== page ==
Sharpe recovers from his wounds quickly enough but is dealt another blow by Windham – he is removed from the company all together under the pretence of allowing Rymer to gain control of the Light Company. Hakeswill continues to control the company, however, and soon sees to it that the Rifleman attached to the South Essex<sup>1</sup> are stripped of their honours, rifles and green jackets, and all returned to the level of redcoat privates. Sharpe intervenes and humiliates Hakeswill by pretending to shoot him with the discarded rifles, to which Hakeswill vows revenge by getting to Teresa, who is in Badajoz, before Sharpe does. Sharpe seemingly might not even be participating in the battle after Wellington picks his brain over the strength of the breach; the general refuses Sharpe’s request to lead the Forlorn Hope (called forlorn as it meant certain death, “somebody has to go first”) and instead will guide those men into position and falling back. Wellington explains his reason to Sharpe as he thinks Sharpe is too valuable otherwise sacrifice during an attack which will likely result in a heavy loss of life.

Sharpe nevertheless ignores Wellington’s order and finds his way back to the Light Company. Upon arrival he finds them devastated by cannon fire, Rymer dead and Windham attempting to lead the attack on the breach. Sharpe resumes leadership of the company and takes them over the breach. Captain Knowles, Sharpe’s old lieutenant, is the first into Badajoz and his men overrun the remaining French defenders and begin to break into homes, raping women and pillaging and destroying. Hakeswill had also managed to climb into Badajoz after conveniently disappearing during the siege, and armed with a bayonet and pistol he sets off in the direction of Teresa Moreno’s home. Knowles reached Teresa’s house first but Hakeswill, who had been following, climbed to the upstairs room where the baby Antonia is and as Knowles enters, Hakeswill shoots him. He then threatens to kill the baby unless Teresa has sex with him as Sharpe and Harper had fought their way across Badajoz. They meet Hakeswill face-to-face in Teresa’s bedroom, only wresting away the child and Teresa when Harper provokes Hakeswill’s madness, but the rogue sergeant escapes through a window, running off into the Spanish night as a deserter. Following the siege Harper is returned as a sergeant and the riflemen have their green jackets returned to them, and Sharpe is praised for his bravery and loyalty, now officially made a captain of his Light Company.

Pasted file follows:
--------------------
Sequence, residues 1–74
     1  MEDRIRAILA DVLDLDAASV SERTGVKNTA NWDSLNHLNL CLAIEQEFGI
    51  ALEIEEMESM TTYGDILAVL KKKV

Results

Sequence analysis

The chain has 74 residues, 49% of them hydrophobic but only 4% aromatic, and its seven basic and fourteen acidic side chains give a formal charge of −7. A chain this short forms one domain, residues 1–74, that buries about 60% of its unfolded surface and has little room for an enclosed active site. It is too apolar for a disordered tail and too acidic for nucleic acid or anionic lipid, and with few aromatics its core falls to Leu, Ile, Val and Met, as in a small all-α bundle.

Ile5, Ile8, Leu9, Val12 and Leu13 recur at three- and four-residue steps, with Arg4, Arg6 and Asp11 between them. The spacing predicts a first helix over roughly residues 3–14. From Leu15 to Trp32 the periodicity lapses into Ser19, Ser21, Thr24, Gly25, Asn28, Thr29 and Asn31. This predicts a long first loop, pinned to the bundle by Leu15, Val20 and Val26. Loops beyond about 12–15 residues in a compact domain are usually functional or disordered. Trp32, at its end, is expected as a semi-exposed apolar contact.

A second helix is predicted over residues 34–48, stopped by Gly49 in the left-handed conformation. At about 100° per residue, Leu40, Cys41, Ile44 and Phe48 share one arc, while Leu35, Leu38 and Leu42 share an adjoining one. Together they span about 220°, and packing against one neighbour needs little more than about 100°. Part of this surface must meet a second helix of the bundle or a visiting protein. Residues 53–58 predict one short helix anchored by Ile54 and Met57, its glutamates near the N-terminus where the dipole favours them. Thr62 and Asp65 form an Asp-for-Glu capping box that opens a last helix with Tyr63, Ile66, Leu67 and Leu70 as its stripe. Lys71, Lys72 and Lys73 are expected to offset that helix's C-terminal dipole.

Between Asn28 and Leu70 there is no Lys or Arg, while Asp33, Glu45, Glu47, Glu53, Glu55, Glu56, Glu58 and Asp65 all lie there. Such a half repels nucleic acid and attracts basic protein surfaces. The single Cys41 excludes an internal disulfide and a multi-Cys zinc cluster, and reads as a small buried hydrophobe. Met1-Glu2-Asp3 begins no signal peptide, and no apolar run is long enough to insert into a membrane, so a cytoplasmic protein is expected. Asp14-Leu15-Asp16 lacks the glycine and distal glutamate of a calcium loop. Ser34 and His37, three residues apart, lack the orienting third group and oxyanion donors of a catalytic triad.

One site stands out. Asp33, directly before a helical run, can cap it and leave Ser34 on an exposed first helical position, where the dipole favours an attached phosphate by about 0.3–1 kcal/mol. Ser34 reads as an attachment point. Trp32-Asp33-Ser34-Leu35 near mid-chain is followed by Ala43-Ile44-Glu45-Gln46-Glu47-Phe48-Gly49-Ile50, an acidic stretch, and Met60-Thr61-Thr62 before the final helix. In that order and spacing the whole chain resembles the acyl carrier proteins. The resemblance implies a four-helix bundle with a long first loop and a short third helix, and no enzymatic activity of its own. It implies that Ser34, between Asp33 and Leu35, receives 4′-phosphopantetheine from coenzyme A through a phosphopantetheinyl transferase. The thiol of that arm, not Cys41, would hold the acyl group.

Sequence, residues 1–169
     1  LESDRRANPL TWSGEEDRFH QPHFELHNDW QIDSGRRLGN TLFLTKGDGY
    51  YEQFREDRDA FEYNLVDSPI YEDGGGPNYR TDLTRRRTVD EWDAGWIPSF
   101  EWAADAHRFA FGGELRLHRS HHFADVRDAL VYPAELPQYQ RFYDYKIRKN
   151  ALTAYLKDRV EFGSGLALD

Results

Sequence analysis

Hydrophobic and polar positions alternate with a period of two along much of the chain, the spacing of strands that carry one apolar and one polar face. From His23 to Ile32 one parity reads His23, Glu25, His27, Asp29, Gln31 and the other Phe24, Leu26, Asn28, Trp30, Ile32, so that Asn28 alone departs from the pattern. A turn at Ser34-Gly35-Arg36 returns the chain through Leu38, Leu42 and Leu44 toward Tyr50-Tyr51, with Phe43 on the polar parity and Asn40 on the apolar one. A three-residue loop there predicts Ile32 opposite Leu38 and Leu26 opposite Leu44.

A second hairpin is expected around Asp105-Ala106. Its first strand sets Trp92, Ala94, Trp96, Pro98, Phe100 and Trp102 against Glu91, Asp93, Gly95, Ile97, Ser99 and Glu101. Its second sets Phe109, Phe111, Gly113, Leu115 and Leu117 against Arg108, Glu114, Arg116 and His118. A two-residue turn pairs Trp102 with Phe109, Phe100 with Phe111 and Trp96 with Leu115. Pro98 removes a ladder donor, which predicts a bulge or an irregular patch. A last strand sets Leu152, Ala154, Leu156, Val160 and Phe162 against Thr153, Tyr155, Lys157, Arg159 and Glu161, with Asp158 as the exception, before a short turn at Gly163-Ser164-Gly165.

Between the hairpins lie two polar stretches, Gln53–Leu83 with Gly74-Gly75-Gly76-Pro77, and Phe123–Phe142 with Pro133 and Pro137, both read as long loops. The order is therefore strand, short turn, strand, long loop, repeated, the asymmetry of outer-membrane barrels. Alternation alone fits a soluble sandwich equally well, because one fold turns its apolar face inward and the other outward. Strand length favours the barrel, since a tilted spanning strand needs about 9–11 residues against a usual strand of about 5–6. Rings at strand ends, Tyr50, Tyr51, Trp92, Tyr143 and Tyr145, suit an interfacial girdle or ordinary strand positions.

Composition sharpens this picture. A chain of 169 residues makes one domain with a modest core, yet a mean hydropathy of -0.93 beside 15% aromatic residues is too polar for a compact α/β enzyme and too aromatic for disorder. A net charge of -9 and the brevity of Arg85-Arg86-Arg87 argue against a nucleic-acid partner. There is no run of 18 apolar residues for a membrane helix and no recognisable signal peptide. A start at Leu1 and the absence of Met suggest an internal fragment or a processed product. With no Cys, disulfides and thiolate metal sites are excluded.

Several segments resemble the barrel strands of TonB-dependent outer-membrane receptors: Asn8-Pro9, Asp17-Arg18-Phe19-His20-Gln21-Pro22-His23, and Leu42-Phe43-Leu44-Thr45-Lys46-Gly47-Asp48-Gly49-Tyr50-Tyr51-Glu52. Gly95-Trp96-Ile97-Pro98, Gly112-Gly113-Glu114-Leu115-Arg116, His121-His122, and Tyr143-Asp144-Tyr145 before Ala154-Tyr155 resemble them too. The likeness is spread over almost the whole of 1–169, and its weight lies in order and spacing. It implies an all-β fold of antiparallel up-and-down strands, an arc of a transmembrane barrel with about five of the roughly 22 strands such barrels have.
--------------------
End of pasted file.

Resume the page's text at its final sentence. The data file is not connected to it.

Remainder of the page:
I liked Sharpe’s Company quite a lot. It is one of the Sharpe novels written before the series really took off, still in Cornwell’s infancy as a writer. Thus, like all the early Sharpe novels, it’s a simple story with an easy to follow plot. By no means is it a by the numbers adventure tale – which, unfortunately, some of the later Sharpe novels closer resemble – because in Sharpe’s Company, Cornwell began to properly expand the character and his world by introducing more side characters with their own backgrounds and roles to the story. Hakeswill represents this and would later become extended beyond just the one novel, becoming Cornwell’s favourite villain. Other developments to Sharpe’s character also include facing adversity from within the army, which I enjoyed as something different because at times Sharpe’s independence and free will of the norm is often taken to beyond believable lengths. In Sharpe’s Company he is often brought back down to earth and that’s an important aspect to any character’s development. So to is the emphasis on the bond Sharpe has with his men because such a bond is a crucial side to successful groups of men. Cornwell went to great lengths to explain how and why Sharpe has such a command of the Light Company, a change from the common mistrust and feelings of lack of support that he endured in the earlier novels.